One path, I suggest, is to look at ourselves in a new way. According to some traditional markers, this could be seen as a dying church. However, it occurs to me that perhaps we are not dying, but rather consolidating. Perhaps we are returning to the older, Church of the Saviour, model in which a very small group of highly committed Christians invest their lives in a common journey, both inwardly and outwardly. Perhaps if we could stop worrying about how small we have become, or how hard each of us is working, or what might attract new families, we could rediscover the joy that binds us to Christ and to one another. Perhaps we might begin living again in the already/not yet reality of the promised, heavenly end of time, where every broken heart is mended, and tears are wiped away from every sorrowful eye.


Last weekend, I got a glimpse of another vision of the end of time. I was at the annual conference of the American Academy of Religion. This is a four-day extravaganza of papers, lectures, panels, and other events held every year right before Thanksgiving. This year, more than ten thousand graduate students, scholars and professors from theological schools and university departments of religion came from all over the country, and even around the world, to share their latest research, meet old friends and spend their annual book-buying allotments. One night, about 75 folks gathered to watch a screening of the first “Left Behind” movie.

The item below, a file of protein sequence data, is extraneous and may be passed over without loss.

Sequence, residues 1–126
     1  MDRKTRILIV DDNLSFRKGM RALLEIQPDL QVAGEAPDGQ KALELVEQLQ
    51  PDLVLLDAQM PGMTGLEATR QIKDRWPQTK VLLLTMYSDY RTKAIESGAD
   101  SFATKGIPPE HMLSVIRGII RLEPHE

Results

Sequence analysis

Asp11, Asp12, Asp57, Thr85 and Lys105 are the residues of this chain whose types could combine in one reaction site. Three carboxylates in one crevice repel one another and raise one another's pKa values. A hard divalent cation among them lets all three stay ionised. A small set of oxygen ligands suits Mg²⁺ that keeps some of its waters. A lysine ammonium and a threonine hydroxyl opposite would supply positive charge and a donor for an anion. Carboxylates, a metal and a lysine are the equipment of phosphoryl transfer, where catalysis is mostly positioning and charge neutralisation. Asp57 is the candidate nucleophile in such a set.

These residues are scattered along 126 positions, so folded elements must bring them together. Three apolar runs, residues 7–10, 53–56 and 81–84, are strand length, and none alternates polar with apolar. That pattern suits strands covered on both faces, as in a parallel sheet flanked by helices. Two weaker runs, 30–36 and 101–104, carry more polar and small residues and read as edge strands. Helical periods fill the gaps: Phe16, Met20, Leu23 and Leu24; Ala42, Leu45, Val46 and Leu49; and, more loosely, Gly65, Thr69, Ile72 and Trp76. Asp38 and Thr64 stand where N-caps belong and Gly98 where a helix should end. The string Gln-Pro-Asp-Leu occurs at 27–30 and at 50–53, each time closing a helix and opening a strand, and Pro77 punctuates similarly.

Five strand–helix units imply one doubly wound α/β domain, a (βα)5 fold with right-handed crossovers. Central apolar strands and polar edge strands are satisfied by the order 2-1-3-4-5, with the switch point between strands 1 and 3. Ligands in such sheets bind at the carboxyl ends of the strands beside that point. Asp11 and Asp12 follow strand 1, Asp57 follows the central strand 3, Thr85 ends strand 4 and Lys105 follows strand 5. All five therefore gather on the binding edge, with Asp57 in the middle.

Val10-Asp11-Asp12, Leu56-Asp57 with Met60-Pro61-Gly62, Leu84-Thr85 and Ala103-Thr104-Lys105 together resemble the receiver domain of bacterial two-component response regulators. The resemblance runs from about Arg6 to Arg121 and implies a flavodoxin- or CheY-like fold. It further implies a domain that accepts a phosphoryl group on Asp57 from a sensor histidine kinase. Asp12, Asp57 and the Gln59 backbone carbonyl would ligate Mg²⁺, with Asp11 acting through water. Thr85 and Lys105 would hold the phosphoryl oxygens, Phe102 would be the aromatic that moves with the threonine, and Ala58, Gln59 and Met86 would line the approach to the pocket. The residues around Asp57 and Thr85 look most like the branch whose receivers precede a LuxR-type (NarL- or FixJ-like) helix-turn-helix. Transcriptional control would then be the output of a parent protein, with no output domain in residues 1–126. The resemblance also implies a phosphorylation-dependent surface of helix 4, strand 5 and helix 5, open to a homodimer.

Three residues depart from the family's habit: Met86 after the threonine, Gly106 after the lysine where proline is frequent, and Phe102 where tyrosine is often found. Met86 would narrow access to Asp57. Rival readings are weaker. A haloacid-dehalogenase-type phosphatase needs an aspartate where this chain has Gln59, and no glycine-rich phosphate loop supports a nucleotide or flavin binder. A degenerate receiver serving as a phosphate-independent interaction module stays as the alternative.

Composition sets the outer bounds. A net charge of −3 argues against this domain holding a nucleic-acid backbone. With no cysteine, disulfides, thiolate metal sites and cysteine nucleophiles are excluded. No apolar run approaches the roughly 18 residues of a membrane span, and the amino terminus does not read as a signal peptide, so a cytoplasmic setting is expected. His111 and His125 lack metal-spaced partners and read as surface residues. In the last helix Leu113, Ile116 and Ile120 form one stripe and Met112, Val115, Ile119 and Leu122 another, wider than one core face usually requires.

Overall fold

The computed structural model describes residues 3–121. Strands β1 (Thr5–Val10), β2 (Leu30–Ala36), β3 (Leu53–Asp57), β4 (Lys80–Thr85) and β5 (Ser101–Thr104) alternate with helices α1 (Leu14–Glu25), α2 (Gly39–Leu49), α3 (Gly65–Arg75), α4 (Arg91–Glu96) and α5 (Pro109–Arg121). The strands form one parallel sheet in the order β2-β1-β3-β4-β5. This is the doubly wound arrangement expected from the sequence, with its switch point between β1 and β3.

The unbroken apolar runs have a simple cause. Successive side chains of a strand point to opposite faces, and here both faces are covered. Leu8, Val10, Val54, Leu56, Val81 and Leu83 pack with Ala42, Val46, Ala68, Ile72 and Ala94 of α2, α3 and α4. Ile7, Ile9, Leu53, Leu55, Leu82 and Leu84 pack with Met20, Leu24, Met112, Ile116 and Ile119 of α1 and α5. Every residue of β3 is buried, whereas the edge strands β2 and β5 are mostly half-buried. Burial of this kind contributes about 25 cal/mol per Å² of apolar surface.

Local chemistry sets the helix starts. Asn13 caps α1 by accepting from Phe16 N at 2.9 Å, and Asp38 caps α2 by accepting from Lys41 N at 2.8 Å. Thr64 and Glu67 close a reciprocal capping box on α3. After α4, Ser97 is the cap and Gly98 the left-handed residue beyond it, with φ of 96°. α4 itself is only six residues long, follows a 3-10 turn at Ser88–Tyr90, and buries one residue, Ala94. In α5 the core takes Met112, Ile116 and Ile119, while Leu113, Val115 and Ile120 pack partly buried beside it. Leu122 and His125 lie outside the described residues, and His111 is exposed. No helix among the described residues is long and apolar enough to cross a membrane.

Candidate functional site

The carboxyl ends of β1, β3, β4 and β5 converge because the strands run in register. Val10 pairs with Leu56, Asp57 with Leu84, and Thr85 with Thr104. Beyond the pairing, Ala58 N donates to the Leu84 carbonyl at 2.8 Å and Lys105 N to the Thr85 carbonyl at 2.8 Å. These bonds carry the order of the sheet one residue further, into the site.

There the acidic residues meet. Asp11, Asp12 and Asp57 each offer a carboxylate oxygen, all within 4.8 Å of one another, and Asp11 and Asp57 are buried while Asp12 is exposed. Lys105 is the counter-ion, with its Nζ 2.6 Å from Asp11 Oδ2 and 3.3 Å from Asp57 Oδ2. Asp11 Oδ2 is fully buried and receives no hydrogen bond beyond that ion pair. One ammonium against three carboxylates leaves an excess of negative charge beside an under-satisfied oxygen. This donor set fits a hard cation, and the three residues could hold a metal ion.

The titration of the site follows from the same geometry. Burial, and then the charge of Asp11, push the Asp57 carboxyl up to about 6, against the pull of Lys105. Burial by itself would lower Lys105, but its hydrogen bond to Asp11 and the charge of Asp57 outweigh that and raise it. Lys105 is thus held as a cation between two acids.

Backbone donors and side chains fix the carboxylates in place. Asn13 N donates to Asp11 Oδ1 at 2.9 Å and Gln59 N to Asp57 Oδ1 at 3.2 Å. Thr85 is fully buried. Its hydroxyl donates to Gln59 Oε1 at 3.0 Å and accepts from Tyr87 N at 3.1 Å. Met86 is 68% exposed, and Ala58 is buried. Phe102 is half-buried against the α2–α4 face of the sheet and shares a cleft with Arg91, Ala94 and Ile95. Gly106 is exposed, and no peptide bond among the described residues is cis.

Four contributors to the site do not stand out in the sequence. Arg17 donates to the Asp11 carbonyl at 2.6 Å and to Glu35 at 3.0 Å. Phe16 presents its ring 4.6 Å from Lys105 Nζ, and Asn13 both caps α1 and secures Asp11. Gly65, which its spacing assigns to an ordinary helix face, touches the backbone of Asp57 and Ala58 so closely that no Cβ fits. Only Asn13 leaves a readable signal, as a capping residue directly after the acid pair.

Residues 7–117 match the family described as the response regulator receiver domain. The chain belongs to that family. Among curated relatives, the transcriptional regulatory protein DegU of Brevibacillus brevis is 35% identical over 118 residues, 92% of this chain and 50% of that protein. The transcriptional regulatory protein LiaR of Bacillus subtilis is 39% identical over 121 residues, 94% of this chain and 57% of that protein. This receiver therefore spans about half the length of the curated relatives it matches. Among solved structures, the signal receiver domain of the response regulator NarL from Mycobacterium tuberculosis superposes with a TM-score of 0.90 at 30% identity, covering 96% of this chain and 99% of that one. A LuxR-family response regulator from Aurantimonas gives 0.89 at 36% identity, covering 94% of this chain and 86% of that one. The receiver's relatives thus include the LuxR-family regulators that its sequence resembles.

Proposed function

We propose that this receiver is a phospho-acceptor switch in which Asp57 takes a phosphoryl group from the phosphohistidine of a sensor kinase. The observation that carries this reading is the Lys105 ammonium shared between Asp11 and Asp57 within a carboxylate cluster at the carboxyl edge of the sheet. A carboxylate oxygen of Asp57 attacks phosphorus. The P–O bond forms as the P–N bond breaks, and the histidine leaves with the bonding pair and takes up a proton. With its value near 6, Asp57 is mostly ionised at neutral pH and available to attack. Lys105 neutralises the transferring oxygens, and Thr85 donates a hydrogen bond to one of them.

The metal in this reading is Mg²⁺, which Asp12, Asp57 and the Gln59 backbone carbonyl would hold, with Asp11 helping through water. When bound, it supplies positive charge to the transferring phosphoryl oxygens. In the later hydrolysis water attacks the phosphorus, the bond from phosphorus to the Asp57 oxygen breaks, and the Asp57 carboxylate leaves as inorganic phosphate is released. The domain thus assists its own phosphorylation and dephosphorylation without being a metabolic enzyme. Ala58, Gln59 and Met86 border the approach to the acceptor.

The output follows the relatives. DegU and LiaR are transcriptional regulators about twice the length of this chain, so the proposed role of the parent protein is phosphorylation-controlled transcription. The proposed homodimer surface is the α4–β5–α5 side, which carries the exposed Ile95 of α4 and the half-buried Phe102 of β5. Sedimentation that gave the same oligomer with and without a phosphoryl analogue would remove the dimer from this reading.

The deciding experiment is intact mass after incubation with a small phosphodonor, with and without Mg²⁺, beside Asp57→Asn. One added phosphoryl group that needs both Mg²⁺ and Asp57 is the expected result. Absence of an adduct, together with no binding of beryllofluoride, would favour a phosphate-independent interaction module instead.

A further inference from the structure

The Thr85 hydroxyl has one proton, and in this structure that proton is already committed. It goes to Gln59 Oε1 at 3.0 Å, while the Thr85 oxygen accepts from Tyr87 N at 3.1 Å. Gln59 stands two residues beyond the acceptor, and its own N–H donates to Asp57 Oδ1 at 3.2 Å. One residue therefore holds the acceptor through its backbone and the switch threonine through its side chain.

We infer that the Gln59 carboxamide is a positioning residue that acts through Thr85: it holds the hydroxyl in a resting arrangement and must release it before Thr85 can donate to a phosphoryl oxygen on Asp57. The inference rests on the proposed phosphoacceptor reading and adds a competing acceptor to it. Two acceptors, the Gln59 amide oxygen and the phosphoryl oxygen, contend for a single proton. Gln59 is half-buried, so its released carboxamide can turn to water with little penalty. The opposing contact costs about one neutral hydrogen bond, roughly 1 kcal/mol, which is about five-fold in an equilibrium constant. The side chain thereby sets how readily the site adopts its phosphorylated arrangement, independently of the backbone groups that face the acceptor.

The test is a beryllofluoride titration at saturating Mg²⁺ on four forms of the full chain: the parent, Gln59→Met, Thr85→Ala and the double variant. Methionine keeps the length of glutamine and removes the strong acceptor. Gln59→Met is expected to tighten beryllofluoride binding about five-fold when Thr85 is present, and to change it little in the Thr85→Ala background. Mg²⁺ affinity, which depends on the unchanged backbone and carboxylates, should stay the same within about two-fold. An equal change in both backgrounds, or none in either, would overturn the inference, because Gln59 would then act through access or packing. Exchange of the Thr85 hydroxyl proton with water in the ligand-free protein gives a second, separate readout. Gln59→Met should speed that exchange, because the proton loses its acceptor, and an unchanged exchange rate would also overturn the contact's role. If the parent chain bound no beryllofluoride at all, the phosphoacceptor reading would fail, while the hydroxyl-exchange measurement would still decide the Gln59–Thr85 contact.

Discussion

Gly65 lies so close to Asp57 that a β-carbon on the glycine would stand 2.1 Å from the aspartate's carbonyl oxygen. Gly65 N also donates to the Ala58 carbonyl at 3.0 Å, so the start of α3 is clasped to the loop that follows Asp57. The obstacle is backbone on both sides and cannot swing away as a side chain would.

In case you don’t know about the “Left Behind” phenomenon, it is a series of twelve books and, as of a few weeks ago, three films which dramatize what will happen to those left behind on earth after the Rapture. Widely read among conservative Christians, the books have been at the top of the New York Times best-seller list, with the series as a whole selling over 62 million copies. As the conference program guide noted, “The novels and films are an explicit attempt to . . . deliver [a] very specific dispensationalist end-times doctrine . . . within the fundamentalist subculture . . . For this reason, many aspects of the story are relatively inaccessible to those outside the fold of evangelicalism.” The people with whom I watched “Left Behind” were, generally, interested academics from outside that fold, curious to see for themselves something that many had only heard about, and to discuss its implications. When it was over, the woman sitting next to me said, “Would someone please tell me what was going on?”